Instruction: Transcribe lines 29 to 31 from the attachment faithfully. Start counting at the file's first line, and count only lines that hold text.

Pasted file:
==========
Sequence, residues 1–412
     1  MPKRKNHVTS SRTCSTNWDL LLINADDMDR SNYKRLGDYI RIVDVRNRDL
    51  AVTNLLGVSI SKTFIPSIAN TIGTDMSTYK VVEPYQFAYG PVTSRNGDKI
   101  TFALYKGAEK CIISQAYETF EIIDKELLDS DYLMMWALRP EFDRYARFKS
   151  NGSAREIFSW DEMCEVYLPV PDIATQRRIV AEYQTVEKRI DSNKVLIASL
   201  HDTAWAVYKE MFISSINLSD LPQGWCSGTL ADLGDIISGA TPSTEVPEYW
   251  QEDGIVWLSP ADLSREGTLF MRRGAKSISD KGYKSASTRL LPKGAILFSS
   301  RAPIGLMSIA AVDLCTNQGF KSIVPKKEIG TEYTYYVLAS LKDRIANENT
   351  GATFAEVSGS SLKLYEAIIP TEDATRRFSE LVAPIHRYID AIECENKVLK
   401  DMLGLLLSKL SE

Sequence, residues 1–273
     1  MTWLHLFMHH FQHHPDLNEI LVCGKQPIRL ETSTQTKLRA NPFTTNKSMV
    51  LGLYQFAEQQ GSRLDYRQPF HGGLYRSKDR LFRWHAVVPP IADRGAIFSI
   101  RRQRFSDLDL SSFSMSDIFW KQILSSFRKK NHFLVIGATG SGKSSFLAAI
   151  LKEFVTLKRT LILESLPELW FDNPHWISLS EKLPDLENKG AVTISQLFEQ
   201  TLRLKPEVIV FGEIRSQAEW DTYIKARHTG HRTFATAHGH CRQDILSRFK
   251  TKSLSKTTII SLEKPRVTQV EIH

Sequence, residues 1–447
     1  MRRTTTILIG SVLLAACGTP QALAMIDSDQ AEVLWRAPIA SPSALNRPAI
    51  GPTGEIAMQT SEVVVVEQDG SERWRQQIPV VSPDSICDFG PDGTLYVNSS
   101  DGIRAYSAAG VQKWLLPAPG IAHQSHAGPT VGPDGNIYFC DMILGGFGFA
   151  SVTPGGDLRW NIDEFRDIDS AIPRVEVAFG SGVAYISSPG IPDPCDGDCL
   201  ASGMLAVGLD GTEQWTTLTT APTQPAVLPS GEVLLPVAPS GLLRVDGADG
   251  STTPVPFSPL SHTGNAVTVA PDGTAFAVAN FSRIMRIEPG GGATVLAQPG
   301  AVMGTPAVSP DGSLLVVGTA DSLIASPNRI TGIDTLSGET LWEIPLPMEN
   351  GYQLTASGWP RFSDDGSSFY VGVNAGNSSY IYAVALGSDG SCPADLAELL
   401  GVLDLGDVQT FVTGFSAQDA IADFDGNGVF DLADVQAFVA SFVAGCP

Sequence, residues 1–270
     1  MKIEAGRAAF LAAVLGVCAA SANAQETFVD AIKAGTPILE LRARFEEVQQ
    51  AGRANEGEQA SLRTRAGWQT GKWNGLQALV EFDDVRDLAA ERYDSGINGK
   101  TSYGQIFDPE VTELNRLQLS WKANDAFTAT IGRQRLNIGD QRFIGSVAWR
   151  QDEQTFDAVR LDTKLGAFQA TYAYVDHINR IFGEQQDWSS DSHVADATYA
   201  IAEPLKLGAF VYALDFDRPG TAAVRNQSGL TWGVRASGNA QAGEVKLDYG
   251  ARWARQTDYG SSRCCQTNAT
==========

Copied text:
     1  MKIEAGRAAF LAAVLGVCAA SANAQETFVD AIKAGTPILE LRARFEEVQQ
    51  AGRANEGEQA SLRTRAGWQT GKWNGLQALV EFDDVRDLAA ERYDSGINGK
   101  TSYGQIFDPE VTELNRLQLS WKANDAFTAT IGRQRLNIGD QRFIGSVAWR